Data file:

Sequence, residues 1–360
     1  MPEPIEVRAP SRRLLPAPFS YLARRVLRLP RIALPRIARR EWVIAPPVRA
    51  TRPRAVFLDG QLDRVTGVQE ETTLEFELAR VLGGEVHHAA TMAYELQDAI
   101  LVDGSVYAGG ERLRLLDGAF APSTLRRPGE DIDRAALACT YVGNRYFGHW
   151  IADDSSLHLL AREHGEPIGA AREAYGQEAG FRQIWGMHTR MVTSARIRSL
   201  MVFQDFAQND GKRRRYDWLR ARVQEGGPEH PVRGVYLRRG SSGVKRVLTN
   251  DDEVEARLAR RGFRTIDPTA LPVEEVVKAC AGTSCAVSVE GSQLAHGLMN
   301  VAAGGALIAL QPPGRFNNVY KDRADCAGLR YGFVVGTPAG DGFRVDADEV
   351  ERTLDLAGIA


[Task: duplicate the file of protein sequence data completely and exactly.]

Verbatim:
Sequence, residues 1–360
     1  MPEPIEVRAP SRRLLPAPFS YLARRVLRLP RIALPRIARR EWVIAPPVRA
    51  TRPRAVFLDG QLDRVTGVQE ETTLEFELAR VLGGEVHHAA TMAYELQDAI
   101  LVDGSVYAGG ERLRLLDGAF APSTLRRPGE DIDRAALACT YVGNRYFGHW
   151  IADDSSLHLL AREHGEPIGA AREAYGQEAG FRQIWGMHTR MVTSARIRSL
   201  MVFQDFAQND GKRRRYDWLR ARVQEGGPEH PVRGVYLRRG SSGVKRVLTN
   251  DDEVEARLAR RGFRTIDPTA LPVEEVVKAC AGTSCAVSVE GSQLAHGLMN
   301  VAAGGALIAL QPPGRFNNVY KDRADCAGLR YGFVVGTPAG DGFRVDADEV
   351  ERTLDLAGIA